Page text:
There are six judges in the Book of Judges who show signs of corruption.
These judges start off fairly well (Othniel, Ehud, Deborah) but become increasingly worse (Gideon, Jephthah, Samson). After Moses, Samuel was the last judge and the first prophet. The Book of 1 Samuel lists Eli the priest, Samuel the prophet, and Samuel’s sons as leaders in this respect.
The Book of Judges also has a few other important leaders, including Barak. However, they're rarely aligned with the featured 12.
We conclude the book with two disturbing tales that illustrate how lawless society has become. The central verse that summarizes this says, "In those days Israel had no king, and everyone did what was right in their own eyes."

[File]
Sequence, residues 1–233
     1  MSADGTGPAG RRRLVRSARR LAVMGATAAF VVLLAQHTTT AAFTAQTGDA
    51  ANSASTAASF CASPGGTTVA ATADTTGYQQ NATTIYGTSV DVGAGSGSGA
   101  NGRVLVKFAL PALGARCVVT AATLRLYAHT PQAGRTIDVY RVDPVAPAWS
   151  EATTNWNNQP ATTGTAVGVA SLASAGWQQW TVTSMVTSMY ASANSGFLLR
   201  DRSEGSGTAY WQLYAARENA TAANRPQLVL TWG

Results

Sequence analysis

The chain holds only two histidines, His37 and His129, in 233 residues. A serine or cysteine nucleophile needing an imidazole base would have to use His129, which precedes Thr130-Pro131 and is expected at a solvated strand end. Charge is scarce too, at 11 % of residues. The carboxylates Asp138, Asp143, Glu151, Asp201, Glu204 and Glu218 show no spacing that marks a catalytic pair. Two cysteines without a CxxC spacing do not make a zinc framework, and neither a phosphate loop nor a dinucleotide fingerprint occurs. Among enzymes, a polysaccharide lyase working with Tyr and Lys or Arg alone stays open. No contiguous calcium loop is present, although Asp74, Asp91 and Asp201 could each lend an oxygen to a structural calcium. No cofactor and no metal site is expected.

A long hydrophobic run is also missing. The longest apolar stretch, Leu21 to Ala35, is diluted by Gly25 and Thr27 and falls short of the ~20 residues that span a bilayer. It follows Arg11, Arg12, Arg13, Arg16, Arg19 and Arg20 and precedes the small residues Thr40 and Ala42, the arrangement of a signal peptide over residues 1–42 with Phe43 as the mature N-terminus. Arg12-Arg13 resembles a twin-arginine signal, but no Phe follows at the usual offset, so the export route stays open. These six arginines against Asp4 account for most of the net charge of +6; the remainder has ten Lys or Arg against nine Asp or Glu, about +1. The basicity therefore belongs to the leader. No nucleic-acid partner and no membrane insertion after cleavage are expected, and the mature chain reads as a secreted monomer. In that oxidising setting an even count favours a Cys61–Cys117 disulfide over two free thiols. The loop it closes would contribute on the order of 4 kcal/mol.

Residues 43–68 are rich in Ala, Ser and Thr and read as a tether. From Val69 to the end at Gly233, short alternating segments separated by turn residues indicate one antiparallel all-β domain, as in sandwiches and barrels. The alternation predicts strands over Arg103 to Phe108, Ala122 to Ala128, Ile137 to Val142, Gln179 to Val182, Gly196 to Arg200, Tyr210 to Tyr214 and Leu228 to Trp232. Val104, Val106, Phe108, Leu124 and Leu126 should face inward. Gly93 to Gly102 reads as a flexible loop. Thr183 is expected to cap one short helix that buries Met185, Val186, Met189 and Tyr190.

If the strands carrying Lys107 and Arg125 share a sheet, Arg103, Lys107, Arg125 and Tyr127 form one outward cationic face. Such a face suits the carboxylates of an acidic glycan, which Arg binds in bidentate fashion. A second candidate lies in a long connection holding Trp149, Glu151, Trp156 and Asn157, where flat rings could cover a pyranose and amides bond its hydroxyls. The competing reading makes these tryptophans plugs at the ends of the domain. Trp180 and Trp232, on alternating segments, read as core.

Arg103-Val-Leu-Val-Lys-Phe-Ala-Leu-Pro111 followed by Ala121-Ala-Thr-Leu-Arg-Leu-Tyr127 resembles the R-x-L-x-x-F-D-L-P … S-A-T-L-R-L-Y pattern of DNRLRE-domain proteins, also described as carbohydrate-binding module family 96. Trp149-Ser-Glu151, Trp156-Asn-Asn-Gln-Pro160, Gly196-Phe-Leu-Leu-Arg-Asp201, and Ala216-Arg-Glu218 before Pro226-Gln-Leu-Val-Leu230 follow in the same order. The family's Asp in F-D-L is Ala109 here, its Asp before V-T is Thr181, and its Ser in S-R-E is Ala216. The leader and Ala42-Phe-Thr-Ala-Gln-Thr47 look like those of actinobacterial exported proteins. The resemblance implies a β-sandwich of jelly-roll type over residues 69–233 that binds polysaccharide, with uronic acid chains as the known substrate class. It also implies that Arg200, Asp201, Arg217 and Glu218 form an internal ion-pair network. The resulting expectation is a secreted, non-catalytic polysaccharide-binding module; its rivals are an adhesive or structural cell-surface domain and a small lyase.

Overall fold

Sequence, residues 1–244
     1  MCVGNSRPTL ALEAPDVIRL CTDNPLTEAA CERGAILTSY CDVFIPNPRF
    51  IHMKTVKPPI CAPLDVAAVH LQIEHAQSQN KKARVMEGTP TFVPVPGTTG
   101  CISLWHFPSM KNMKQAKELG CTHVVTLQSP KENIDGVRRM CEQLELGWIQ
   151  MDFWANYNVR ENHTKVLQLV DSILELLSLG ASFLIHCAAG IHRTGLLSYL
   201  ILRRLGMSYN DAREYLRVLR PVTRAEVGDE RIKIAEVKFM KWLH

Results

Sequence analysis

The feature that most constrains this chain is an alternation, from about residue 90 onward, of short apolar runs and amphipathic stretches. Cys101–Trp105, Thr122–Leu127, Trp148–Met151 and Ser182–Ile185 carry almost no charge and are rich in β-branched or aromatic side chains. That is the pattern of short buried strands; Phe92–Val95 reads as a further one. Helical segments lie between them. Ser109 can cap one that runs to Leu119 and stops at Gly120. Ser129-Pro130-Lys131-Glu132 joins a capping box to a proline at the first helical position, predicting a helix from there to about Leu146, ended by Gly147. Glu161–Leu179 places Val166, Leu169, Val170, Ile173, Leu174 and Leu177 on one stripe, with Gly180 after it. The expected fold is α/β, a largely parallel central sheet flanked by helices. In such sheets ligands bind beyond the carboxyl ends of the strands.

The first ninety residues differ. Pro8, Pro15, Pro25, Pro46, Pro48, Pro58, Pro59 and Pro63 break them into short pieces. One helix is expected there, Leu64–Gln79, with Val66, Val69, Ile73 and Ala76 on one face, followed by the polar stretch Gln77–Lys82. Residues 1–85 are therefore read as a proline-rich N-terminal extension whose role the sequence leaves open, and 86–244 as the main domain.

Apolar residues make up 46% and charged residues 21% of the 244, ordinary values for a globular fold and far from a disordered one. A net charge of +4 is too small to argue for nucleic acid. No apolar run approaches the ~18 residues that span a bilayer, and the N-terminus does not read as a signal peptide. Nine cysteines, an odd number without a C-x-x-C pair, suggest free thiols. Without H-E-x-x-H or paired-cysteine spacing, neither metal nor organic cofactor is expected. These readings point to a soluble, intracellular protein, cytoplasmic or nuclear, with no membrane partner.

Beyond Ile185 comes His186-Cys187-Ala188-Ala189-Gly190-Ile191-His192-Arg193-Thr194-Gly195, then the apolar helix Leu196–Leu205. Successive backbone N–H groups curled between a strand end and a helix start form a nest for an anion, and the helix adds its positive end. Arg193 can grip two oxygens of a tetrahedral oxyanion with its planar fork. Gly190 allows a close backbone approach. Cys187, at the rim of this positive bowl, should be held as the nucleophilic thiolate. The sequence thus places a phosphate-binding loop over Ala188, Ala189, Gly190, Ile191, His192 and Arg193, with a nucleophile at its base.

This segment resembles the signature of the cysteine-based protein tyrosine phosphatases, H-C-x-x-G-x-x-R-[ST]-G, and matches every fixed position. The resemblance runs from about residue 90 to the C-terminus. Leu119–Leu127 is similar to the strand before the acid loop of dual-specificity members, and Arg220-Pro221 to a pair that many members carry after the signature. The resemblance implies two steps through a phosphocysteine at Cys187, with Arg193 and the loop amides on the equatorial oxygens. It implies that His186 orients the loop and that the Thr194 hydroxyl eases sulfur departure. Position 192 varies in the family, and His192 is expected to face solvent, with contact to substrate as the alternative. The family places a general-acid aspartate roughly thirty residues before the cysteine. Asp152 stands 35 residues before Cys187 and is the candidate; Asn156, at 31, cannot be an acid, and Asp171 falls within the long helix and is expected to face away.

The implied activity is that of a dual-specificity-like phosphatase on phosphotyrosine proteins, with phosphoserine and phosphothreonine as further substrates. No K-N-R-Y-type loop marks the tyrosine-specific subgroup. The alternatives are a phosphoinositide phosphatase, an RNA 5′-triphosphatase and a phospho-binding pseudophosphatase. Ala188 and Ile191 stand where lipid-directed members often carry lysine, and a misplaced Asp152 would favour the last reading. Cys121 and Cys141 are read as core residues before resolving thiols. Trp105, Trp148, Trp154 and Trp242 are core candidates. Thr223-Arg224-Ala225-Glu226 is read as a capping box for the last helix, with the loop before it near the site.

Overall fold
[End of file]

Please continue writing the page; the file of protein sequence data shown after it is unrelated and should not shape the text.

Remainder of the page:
As long as Israel repented, God was merciful and raised someone to deliver them from their enemies. According to Judges, Israel will always lose its way without a leader.
The story also shows us that even God-ordained leaders can commit evil deeds and lead God's people astray. Long after the period of the Judges, the Israelites would repeat the same lesson through a succession of kings in the centuries that followed.
In the end, Israel didn’t need a judge or a king to save them — they needed a Messiah. And one would be born in Bethlehem.
The book of Judges is amazing, not because of the horror of the sins in these chapters, but because of the true glory of salvation that God achieved from those sins through patience, mercy, compassion, steadfast love, and faithfulness.